David took on his first business at 26, after leasing a pub in Stirling, before moving on to The Black Bull in Polmont, the village where he was born and raised. He says, “The pub was never really known for food but we looked at the area, we looked at the market and at that time it was all Brewery-led so we decided to do things a bit differently. We bought in potatoes and chipped them ourselves and made everything from scratch basically. Our emphasis is very much on trying to keep everything as local as possible.

“Brooke packed in her job as an estate agent – much to everyone’s bemusement – and she did front of house while I taught myself to be a chef. We built really good relationships with our customers and it created a real family environment. Around 80 to 90 per cent of our business is repeat custom.”

Creating The Canalside Pub & Grill

The experience clearly stood the couple, who have a son Luke, four, and daughter Scarlet, 14 months, in good stead when it came to their next project – what is now The Canalside Pub & Grill.

This time they teamed up with Bryan, an ex-Marine who fought in the Falklands at 18, worked in the prison service and was a police officer for 30 years – and the trio threw themselves into the task at hand.

David says, “The Craiglee was really run down and had changed hands a lot. I approached the banks but the feeling was that nobody could make it work and they were pretty blunt about saying we weren’t going to get anything so we had to pull everything together ourselves.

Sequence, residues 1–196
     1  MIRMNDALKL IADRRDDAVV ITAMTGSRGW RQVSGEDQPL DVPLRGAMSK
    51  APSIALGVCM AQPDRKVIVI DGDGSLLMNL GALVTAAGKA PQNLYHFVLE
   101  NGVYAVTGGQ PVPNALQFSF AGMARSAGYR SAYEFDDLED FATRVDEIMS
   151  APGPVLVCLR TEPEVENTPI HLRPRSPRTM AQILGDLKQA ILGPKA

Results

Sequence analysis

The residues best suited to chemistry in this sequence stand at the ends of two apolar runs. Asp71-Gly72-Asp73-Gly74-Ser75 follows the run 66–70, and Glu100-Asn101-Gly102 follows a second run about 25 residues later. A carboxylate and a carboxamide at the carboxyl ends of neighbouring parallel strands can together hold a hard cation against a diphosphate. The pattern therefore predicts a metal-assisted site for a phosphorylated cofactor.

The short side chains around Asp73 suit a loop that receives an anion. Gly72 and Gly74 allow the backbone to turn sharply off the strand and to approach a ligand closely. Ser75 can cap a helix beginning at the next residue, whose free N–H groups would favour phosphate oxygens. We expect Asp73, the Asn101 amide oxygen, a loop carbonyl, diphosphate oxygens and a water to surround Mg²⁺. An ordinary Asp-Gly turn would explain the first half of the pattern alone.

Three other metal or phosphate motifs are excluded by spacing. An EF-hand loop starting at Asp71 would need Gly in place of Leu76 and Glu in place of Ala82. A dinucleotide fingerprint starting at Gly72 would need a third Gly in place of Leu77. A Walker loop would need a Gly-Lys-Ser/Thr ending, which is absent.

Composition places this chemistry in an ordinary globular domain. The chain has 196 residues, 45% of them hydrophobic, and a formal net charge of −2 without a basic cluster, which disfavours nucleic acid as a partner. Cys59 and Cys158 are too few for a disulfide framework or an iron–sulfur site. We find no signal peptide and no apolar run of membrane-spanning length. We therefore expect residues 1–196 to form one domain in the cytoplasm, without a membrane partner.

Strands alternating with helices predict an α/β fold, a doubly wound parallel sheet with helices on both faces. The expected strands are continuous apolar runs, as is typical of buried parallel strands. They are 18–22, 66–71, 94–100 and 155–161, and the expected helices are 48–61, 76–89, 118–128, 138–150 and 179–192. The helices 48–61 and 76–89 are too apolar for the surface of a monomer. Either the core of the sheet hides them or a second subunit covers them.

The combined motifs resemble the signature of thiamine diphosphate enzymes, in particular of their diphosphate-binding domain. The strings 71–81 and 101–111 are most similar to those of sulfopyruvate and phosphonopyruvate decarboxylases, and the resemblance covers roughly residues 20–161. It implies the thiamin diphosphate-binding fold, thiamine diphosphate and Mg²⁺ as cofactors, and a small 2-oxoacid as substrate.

“There was a huge housing scheme in the area and new houses being built, so again we looked at the demographics and what was already on the doorstep and felt there was scope for a good local bar, which was really missing from the area.

“A lot of blood, sweat and heartache went into the project. We did pretty much all the laboring ourselves and roped in family, friends, staff – it was one big effort. We converted the function suite into a 75-cover restaurant with a roaring fireplace and now the place looks fantastic and is thriving.”

“We decided to form the Polmont Pub Company and start building a structure that would enable us to look after multiple sites including The Black Bull, which is where it all started for us. We couldn’t have done it without Tommy at Alchemy – he’s been a fantastic support.”

A recipe for success

David believes that excellent customer service is the key to running a successful licensed venue – but he also sees the value in looking after staff and encouraging them to be the best they can too, by setting goals and targets for them to achieve.

He says, “I stress to everyone in the business that it’s about the relationships you build with your customers. That’s something you should start work on the moment they walk through the door. The product might be similar to something across the road but it’s that personal touch, that relationship that makes the difference.